Emer Higgins, TD: "I can’t explain what caused it but there was definitely a swing against us.” Photo: Maya Nolan
A new Fine Gael TD has expressed her “disappointment” at the failure to deliver a proper affordable housing strategy, despite her party being in government since 2011.
Emer Higgins, who was elected to represent the Dublin Mid-West constituency, said the lack of a such a policy was a major reason as to why Fine Gael did so poorly at the general election in February.
In an interview with, Ms Higgins said she noticed a major swing against her party toward Sinn Féin between the by-election she contested in November and February 8.
“I can’t explain what caused it but there was definitely a swing against us.”
However, she also is equally frank about her own party’s failures, which she says contributed to the shift in support to Sinn Féin, which won two seats in Dublin Mid-West.
“I try and relate our performance to what is going on in my constituency,” said Ms Higgins. “A main issue here was the provision of housing, the lack of it. I am disappointed we still don’t have an affordable housing policy.”
Fine Gael lost 15 seats in February’s general election, and a much greater role for the State in the provision of housing is one of the main stumbling blocks in the current government formation talks.
Meanwhile, 68% of prospective homebuyers still plan to purchase property this year, despite Covid-19 ‘freezing’ the market, according to a survey by property website, MyHome.ie.
Some 37% expect prices to fall by more than 10% in the next 12 months, while six out of 10 respondents believe next year will be a good time to buy property.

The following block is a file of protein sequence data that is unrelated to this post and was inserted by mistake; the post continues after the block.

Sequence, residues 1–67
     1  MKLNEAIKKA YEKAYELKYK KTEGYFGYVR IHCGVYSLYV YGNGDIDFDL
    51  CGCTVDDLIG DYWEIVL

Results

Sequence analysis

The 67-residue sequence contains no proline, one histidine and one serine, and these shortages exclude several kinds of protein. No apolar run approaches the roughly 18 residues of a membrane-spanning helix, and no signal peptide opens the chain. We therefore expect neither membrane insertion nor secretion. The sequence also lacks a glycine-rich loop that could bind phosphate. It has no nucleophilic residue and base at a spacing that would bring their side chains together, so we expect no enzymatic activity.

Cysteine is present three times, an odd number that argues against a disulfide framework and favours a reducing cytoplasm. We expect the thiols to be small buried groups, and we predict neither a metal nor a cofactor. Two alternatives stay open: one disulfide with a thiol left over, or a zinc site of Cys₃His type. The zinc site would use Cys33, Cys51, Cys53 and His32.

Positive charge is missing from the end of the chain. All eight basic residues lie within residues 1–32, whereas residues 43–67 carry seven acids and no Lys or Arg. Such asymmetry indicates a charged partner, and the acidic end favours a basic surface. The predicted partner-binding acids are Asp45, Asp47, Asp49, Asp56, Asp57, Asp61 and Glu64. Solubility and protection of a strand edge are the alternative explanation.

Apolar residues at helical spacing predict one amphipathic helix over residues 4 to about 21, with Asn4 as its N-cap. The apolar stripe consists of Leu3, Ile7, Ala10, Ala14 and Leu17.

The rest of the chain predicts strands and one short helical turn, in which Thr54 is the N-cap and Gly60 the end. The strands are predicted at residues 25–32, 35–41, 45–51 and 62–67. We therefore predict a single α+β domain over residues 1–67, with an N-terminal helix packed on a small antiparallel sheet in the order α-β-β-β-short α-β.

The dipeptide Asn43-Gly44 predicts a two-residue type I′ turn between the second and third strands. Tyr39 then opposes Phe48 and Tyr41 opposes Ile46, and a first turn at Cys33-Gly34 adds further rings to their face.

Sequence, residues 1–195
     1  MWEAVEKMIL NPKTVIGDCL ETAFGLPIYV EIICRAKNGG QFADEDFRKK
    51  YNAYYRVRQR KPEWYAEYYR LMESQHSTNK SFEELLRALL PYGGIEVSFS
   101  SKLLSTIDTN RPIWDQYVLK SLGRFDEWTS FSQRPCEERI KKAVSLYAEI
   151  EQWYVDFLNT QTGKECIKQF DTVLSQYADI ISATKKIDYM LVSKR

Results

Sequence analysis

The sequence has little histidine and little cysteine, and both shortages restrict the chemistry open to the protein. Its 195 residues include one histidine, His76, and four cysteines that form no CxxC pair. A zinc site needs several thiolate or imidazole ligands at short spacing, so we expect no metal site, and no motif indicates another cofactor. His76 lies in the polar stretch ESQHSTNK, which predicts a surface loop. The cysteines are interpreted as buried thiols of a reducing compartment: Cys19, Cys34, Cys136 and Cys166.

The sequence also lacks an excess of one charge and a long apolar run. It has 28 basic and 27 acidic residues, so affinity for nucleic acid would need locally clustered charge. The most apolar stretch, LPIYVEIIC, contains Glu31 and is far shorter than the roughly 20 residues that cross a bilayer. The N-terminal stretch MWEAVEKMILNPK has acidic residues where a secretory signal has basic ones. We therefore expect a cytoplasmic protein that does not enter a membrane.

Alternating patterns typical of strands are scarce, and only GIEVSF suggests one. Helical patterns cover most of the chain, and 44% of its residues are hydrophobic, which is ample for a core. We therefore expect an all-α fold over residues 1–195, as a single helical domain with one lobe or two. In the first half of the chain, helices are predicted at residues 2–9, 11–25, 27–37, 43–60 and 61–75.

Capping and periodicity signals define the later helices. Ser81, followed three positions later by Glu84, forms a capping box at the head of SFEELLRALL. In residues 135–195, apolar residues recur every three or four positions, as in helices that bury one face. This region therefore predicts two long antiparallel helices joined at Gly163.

“Even though Covid-19 has essentially frozen the market, this survey shows that prospective buyers are still confident about their ability to purchase in the coming year, possibly driven by an expectation of falling prices,” said Angela Keegan, managing director of MyHome.ie.
Although falling prices have not yet been evident in the sector, Ms Keegan said that it was still too early to say if price drops would materialise when the market “comes out of hibernation”.
The survey of 1,981 people carried out between May 5 and May 14, also found that 69% of respondents believe that the Government could do more to help the property sector during Covid-19.
When asked what factors would encourage them to buy a property now, 35% said more available housing stock, 33% said more overall confidence in the economy, and 33% also said an easing of mortgage lending rules.
The virus is expected to have significant long-term effects, with 59% of respondents believing it will lead to more online processes to minimise unnecessary contact. And 21% believe it will lead to quicker sales processes.
Half of respondents (51%) believe that online viewings and virtual tours are effective ways to view a property.